§ Mr. Ashton
To ask the Secretary of State for Health (1) what compensation he is offering to nurses at special hospitals for their loss of civil servant status;
(2) what consultations he has had with representatives of the Prison Officers Association concerning the recommendations of the Olliff report; when he next expects to meet them; and whether he will list the organisations with whom he has discussed the report;
(3) what is his policy regarding the future negotiations, with the Prison Officers Association on promotion procedures, uniforms, assisted travel, grievances, disciplinary procedure and security if the Olliff report is implemented; and whether the Prison Officers Association will still be able to negotiate locally at each special hospital;
(4) whether he will pay an official visit to Broadmoor, Rampton, Park Lane and Moss Side special hospitals to discuss the Olliff report with nurses who are members of the Prison Officers Association;
(5) whether it is his policy to act on the Olliff report recommendation that the influence of the Prison Officers192W
§ Mr. Freeman
The information on the total number of abortions performed in England and Wales to the requested ages could be provided only at disproportionate cost. However, the readily available data is shown in the table, which relates to abortions performed on usual residents of England and Wales. Information on the number of these which were performed under ground 5 of the Abortion Act cannot be released for reasons of maintaining confidentiality.
Association in special hospitals must be eroded and its assessment that attitudes within the special hospitals concentrate more on the secure control of patients than their treatment;
(6) why the future conditions of service and negotiations with the Prison Officers Association at special hospitals is being transferred to the Whitley council; what date he expects this transfer to be implemented; and whether legislation is required for this and for the transfer of direct responsibility for the admission of patients from the Secretary of State to the Special Hospitals health authority;
(7) why the Olliff report on the future of special hospitals was not distributed to the Prison Officers Association.
§ Mr. Freeman
[holding answer 26 May 1989]: The Government are setting up the Special Hospitals Service Authority (SHSA) to take over the management functions presently exercised by my Department and the three local hospital boards, which are to be abolished later this year. These changes were announced in a ministerial statement in May 1988. Later in 1988 the Government specified the following six main national objectives for the service:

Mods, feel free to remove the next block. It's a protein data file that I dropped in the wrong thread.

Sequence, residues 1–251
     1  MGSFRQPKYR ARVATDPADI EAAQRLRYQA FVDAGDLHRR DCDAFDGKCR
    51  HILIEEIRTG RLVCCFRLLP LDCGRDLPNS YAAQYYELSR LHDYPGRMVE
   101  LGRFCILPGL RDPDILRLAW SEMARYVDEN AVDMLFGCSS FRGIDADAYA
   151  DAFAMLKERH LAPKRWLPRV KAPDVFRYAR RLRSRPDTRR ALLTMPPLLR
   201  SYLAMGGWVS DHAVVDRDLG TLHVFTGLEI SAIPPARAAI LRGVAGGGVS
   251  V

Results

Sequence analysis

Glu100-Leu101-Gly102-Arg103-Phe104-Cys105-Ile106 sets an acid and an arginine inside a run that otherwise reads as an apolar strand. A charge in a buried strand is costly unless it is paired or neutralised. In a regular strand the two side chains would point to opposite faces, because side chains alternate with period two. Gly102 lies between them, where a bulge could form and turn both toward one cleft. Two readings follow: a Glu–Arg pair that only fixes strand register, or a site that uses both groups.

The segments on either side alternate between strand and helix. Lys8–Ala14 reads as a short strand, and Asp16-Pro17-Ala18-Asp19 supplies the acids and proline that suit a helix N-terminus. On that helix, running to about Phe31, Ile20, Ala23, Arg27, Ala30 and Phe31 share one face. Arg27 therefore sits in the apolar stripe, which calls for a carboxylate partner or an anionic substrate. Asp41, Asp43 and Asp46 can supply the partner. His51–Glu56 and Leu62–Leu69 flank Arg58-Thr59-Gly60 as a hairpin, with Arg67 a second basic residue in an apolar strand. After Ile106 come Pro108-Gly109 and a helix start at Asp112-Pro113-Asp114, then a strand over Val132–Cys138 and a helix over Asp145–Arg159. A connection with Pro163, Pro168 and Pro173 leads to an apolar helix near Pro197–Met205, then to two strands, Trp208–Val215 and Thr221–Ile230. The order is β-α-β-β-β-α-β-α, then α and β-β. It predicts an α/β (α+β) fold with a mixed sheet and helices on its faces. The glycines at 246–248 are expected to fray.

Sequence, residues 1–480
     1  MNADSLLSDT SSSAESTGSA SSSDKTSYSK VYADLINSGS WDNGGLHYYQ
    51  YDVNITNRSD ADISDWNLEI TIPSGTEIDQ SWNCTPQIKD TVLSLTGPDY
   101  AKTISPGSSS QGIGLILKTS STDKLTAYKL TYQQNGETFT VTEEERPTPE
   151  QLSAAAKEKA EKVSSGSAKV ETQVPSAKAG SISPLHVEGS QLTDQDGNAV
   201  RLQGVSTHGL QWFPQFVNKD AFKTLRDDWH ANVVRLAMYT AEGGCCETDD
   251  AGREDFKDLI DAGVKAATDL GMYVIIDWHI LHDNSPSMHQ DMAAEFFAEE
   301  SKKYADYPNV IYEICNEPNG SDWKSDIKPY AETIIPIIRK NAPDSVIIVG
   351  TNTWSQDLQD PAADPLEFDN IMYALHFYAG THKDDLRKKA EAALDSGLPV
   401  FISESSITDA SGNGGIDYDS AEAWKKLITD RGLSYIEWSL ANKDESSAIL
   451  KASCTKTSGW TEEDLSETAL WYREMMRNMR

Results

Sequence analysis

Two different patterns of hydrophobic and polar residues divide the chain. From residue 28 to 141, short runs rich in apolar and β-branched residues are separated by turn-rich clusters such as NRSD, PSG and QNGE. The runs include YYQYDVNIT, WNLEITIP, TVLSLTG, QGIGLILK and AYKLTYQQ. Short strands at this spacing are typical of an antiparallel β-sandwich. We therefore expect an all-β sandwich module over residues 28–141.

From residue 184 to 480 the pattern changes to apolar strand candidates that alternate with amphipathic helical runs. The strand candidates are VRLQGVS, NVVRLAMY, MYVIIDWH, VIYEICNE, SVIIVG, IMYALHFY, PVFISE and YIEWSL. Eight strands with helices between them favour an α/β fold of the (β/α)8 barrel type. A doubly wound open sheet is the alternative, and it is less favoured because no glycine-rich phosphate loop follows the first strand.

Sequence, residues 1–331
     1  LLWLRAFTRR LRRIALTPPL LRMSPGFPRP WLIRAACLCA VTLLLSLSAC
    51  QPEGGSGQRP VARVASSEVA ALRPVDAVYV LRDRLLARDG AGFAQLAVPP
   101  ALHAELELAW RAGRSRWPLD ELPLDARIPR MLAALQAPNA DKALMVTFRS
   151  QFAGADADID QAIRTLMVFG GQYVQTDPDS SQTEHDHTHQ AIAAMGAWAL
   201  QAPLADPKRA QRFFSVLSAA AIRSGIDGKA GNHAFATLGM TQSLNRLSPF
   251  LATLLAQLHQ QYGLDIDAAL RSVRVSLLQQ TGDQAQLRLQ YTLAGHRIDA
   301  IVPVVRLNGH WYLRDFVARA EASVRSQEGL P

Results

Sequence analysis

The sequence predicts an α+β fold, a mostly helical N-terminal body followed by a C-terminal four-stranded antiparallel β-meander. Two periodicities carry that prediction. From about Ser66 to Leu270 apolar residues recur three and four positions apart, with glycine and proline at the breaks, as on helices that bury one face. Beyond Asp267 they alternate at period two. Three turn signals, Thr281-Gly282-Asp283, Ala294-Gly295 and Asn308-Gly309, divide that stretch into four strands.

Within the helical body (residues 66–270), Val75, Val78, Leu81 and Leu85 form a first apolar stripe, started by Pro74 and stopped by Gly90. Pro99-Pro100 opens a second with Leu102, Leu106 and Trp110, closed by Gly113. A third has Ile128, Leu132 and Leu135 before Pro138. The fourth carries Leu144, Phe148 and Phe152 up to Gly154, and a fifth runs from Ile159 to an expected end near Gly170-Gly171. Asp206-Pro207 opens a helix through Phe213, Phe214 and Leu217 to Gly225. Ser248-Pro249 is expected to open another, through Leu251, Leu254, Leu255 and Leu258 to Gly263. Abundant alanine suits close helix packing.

- (i) to continue to ensure the protection of the public;
- (ii) to ensure the provision of appropriate treatment for patients;
- (iii) to provide a good quality of life for patients, and a good working environment for staff;
- (iv) to develop closer working relationships with local and regional psychiatric services;
- (v) to promote the hospitals as centres of excellence for the training of staff of all disciplines, in forensic and other branches of psychiatry;
- (vi) to promote research into forensic psychiatry, and related conditions.
The statements referred to are in the Library.
Statutory instruments have been laid before Parliament which will establish the SHSA from 1 July 1989, and render it fully operational from 1 October 1989. From that date the SHSA will assume all functions, including the admission of patients.
There has already been extensive discussion and consultation on these important changes with staff, management and unions. I have myself visited all the four special hospitals where I met a cross section of staff and patients. Department of Health officials have also been engaged in a programme of visits to all the hospitals where they have had wide ranging discussions with all groups of staff. We are producing full briefing packs to explain the rationale for and effects of the changes. These packs will be sent to all staff and patients before 1 October, when the SHSA becomes the new employing authority for all but administrative staff.194W
There have been exchanges with staff side interests, including the POA. Indeed, at a meeting with my officials on 18 May the General Secretary of the POA and his colleagues were assured that their members and other non-administrative staff will suffer no material loss through the removal of Civil Service status and will remain on existing NHS terms and conditions. As pay and superannuation will not be affected, the question of compensation does not arise. The POA was also assured that it will continue to be recognised as representing its members in the special hospitals locally (in the hospitals) and centrally (with the new special health authority) in the new arrangements.
It will be for the SHS authority to consider the appropriateness of existing staff procedures in the new arrangements, and in reviewing such procedures we would expect it to talk with the relevant staff interests, including the POA. The Olliff report was a confidential, internal working document about the future operations of the Department's HQ branch responsible for the special hospitals.